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Trump might not need to hear much to strike a truce with China: Senior official

Key Points
  • U.S. President Donald Trump and China President Xi Jinping will meet Saturday at the G-20 summit to talk trade.
  • A White House official told CNBC that it might not take much to at least reach a truce in the tit-for-tat trade war.
  • Trump is closely watching the stock market for reaction to the various developments, the official said.

President Donald Trump wouldn't need to hear much from Chinese officials to at least strike a truce in the trade war between the two sides, a senior administration official told CNBC.

Trump and Chinese President Xi Jinping are set to meet Saturday at the G-20 meeting in Osaka, Japan, with expectations running high that the two leaders can strike some bargain that at least puts the tit-for-tat tariff exchange on hold.

Administration officials differ on whether a truce can be struck. However, one official said that some type of respite in the tensions is the baseline case in the White House and that truce talk is more than speculation.

One official said that Trump is closely watching the stock market, which has stumbled through the week amid rampant speculation over what will happen at the summit. The market was set to open higher Friday but is on its way to a loss for the week after three straight weeks of gains.

The official also said that the main thing that would void a truce would be if Xi said he would not be willing to enforce any deal or write it into Chinese law.

Trump is meeting with other officials at the summit but has continued to tweet about a variety of matters, including the Democratic presidential debates, and his view on the markets.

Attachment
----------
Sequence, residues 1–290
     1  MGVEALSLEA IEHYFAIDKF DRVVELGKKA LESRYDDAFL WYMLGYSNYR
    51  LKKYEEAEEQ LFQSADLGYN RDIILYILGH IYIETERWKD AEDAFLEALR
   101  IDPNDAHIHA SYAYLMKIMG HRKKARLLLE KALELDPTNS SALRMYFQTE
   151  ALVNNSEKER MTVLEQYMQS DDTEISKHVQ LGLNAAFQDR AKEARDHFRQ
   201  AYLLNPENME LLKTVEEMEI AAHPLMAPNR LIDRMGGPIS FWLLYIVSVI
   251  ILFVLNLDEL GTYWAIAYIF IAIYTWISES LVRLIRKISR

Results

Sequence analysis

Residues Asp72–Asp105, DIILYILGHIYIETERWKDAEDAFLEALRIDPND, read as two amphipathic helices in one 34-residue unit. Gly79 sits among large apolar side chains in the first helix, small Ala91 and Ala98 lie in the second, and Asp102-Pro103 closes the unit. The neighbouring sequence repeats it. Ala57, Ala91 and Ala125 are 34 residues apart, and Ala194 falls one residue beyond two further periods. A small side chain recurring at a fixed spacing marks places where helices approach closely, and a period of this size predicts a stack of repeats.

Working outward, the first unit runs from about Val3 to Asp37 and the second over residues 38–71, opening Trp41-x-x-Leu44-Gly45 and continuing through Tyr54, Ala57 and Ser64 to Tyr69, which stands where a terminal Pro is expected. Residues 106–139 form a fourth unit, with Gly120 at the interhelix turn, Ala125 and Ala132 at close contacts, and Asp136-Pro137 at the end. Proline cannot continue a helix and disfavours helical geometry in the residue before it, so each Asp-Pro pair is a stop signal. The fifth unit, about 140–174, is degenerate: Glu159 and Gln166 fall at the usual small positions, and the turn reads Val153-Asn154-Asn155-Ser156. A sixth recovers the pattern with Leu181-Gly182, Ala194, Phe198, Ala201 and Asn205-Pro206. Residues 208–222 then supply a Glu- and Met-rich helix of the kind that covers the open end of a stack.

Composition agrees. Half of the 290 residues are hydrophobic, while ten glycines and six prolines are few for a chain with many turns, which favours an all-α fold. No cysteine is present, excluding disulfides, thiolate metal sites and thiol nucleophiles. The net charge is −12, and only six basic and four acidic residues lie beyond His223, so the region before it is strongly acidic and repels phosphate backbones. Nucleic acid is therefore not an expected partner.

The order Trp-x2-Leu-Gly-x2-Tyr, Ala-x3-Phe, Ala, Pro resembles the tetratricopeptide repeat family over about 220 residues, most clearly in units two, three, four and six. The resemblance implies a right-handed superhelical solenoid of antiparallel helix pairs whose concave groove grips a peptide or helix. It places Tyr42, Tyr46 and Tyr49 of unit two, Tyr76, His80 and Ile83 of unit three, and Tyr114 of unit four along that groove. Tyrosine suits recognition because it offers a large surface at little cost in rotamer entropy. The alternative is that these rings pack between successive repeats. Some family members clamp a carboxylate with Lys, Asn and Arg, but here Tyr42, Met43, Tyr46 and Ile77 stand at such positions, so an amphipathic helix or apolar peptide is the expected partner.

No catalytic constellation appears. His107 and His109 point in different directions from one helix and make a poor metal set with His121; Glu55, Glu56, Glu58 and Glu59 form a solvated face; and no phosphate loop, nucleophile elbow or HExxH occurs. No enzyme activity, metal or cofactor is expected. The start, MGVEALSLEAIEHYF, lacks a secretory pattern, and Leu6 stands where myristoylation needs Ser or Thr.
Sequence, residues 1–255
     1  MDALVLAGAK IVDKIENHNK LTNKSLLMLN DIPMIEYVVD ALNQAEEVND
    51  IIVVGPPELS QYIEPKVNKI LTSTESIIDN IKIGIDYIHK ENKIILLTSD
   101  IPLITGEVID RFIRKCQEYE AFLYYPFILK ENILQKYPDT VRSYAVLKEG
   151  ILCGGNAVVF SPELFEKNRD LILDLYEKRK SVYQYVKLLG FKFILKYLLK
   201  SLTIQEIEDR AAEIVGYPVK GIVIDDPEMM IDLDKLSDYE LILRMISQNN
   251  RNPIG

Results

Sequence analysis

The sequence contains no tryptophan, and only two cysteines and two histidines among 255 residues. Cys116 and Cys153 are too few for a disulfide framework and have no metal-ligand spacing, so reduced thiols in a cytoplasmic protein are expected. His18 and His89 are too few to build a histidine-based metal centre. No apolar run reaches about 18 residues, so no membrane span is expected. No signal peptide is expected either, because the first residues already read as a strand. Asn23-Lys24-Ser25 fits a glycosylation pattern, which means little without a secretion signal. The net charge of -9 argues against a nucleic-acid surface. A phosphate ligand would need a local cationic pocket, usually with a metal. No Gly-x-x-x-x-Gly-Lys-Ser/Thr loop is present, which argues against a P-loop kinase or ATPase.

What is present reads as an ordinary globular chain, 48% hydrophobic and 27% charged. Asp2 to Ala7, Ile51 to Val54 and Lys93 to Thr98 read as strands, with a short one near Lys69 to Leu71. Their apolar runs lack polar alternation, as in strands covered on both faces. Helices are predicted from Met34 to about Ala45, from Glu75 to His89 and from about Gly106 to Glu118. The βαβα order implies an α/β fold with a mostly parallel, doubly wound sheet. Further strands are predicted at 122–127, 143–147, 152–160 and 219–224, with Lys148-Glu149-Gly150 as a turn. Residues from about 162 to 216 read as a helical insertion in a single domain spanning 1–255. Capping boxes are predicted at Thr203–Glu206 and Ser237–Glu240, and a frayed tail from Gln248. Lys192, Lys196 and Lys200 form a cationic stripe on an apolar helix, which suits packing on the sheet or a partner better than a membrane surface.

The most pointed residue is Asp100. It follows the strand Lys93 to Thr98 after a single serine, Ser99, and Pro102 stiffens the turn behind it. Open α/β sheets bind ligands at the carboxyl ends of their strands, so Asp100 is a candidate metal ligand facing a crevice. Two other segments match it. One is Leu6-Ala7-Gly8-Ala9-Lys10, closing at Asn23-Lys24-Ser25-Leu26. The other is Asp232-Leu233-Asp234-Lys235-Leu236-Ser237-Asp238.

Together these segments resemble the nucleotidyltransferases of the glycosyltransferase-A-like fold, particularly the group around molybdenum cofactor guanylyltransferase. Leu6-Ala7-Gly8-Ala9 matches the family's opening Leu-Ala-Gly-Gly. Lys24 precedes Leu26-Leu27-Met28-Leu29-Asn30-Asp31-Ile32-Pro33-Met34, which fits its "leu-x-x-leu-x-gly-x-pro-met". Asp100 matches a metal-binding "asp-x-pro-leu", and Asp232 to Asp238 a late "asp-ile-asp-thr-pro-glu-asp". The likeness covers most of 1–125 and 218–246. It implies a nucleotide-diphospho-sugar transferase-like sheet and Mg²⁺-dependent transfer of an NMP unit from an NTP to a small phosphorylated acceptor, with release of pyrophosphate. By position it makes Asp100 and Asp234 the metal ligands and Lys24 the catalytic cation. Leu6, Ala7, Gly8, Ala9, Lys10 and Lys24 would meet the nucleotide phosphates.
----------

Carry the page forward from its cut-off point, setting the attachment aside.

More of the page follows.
Markets have been mostly optimistic lately about the prospects for a deal, though investors have been sensitive to negative headlines that have come out of the developments over the past year.

The negotiations have run in cycles, with tensions running high followed by easing and then renewed hostilities.

The U.S. is seeking to reduce a trade deficit with China that hit $419.5 billion in 2018, a nearly 12% increase despite Trump's efforts to use tariffs to reduce the gap. The administration has levied 25% tariffs on $250 billion worth of Chinese imports and Trump has threatened to impose duties on the rest of the $300 billion or so of goods that flow into the U.S.

While the markets might view a truce as positive, there's not much expectation for major developments at the G-20 meeting.

"Consensus expects can-kicking, but no rolling back of tariffs that are already in place. With above-trend economic growth and the S&P 500 at an all-time high, there is no sense of urgency on the part of the US to reach an agreement," Savita Subramanian, equity and quant strategist at Bank of America Merrill Lynch, said in a research note.

A "real deal" between the two sides could propel the S&P 500 to 3,100, or about 6% higher from its Thursday close, while additional tariffs have the potential to send the index 5% lower, Subramanian said.

—This story was reported by Kayla Tausche and written by Jeff Cox.